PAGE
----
Global monetary conditions remain loose despite continued tightening by the U.S. Fed. Policy rates in major advanced economies are still exceptionally low. Policymakers in the ECB, Bank of England and Bank of Canada made comments prompting a sell-off in bond markets towards the end of the quarter, but the increase in bond yields was small compared to the move after the election of Donald Trump.

Growth in lending to firms has been steady in the euro-zone, at about 2% year over year². However, there are big differences within the region with lending still contracting in Italy, reflecting the weakness of its economic recovery and the country’s troubled banks.

The Bank of Canada shows confidence in the Canadian economy by raising rates by 0.25% to 0.75% in July and signalling further removal of policy stimulus in the future. Canada has been a leader of major changes in the global monetary system in the past. In 2015, its rate cuts helped kick off a global trend that saw countries accounting for almost half of global output including China, Denmark, Sweden, Indonesia and Australia. Canada is in the midst of one of its strongest growth spurts since the 2008-2009 recession, with the expansion accelerating to over 3% over the past four quarters³.

The Bank of Canada highlighted in its statement that the recent economic data has bolstered their confidence in the “economic outlook for above-potential growth and the absorption of excess capacity in the economy.⁴” Low borrowing costs are fuelling housing prices and household debt is hovering at record levels. Similar to the United States, the labour market has been strong, with the unemployment rate at the lowest since before the recession. Though inflation has not increased, the Bank determined that recent softness in inflation is only temporary and that it will rebound.

The collapse of oil prices that trimmed $60 billion annually off Canada’s national income prevented the Bank from following the Fed in raising rates beginning 2015³.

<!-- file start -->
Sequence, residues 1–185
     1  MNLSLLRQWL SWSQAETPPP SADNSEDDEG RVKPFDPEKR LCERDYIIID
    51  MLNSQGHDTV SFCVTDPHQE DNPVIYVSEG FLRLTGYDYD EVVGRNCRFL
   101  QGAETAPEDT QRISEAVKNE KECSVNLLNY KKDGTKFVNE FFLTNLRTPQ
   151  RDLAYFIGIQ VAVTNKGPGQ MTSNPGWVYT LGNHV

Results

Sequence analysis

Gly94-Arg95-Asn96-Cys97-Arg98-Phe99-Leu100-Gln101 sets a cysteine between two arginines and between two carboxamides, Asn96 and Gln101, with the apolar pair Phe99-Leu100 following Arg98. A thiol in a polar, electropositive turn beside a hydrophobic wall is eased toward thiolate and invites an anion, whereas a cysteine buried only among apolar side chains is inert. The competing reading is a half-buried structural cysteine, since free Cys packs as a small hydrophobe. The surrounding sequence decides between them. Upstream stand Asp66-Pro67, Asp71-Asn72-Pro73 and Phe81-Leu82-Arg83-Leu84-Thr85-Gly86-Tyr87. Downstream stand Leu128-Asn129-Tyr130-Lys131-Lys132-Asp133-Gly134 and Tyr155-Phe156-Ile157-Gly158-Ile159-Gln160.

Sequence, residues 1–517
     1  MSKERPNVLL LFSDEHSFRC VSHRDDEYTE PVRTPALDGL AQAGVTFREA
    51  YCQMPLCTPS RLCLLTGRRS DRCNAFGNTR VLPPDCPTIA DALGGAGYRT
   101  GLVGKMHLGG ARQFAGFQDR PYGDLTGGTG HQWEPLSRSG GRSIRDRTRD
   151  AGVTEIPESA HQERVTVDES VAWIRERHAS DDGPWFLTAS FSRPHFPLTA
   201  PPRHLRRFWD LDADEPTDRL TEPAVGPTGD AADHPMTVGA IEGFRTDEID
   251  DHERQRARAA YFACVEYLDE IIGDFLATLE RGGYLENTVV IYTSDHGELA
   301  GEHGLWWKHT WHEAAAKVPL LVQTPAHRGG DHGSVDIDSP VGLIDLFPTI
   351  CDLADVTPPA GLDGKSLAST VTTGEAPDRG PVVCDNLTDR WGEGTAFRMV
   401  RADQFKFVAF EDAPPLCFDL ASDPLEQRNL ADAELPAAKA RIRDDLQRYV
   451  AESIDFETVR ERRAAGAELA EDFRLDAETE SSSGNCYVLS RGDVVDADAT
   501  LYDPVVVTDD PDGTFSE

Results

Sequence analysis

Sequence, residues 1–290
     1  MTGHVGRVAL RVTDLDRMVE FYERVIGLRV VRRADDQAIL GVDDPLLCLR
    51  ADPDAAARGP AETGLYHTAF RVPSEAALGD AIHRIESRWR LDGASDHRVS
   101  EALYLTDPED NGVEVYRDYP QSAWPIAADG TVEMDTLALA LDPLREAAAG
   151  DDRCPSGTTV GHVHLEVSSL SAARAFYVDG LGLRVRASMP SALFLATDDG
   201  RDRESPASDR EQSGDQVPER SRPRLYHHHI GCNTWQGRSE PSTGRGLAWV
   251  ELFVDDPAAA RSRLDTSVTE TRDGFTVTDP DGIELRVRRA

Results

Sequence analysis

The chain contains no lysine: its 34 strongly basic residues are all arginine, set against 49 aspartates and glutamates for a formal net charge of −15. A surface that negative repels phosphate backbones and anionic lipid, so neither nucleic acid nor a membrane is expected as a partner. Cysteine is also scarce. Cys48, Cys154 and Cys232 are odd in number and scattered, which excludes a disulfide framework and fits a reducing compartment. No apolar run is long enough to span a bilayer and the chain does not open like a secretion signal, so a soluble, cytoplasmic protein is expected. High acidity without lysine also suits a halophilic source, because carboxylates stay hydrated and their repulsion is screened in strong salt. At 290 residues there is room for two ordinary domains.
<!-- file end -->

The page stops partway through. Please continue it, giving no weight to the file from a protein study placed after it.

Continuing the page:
The Canadian economy appears to be on the verge of a slowdown due to housing-related weaknesses, which is reinforced by higher household borrowing costs. The surging Canadian dollar over the past month as the U.S. dollar weakened would also add to the shift to tightening. The same questions around stagnant inflation apply in Canada and elsewhere.


2.  U.S. Growth Slows:  Delayed Fiscal Stimulus and America Alone

Sentiment in the United States economy contradicts recent economic data. While businesses and consumers are positive about the future, economic activity has not been coming in strong. Several surveys report that chief executive officers are highly optimistic, however, M&A activity is at its lowest level since 2013, and has fallen 40% in the past two years⁵.

Share buybacks has slowed and capacity usage has fallen, both indications that CEOs are less confident in the future of their businesses. The University of Michigan’s Surveys of Consumers show confidence at the highest levels since before the crisis. Meanwhile, retail sales fell in May and have been relatively lackluster for the year so far⁵.

The drop back in core PCE inflation to a 17-month low of 1.4% in May has led to expectations that the Fed will hold on raising interest rates⁶.

The Fed’s 2% inflation target looks more like a ceiling since core PCE inflation has only exceeded that level 24% of the time since 1995⁶. Core inflation has been above target only 6% of the time since the target was adopted in 2012⁶.

As we discussed last quarter, a fundamental shift in trade policy over the next four years is being proposed by the new administration to stem the further outsourcing of manufacturing production and employment abroad this year.  The reality is that only a small fraction of the five million lost jobs could conceivably return since China’s shift 15 years ago to largest importer to the WTO. Additionally, assuming the U.S. becomes more aggressive in initiating disputes at the WTO, other countries could retaliate by bringing their own claims. Meanwhile, the boost to the domestic manufacturing sector should be minimal if these new trade policies trigger a further appreciation in the dollar.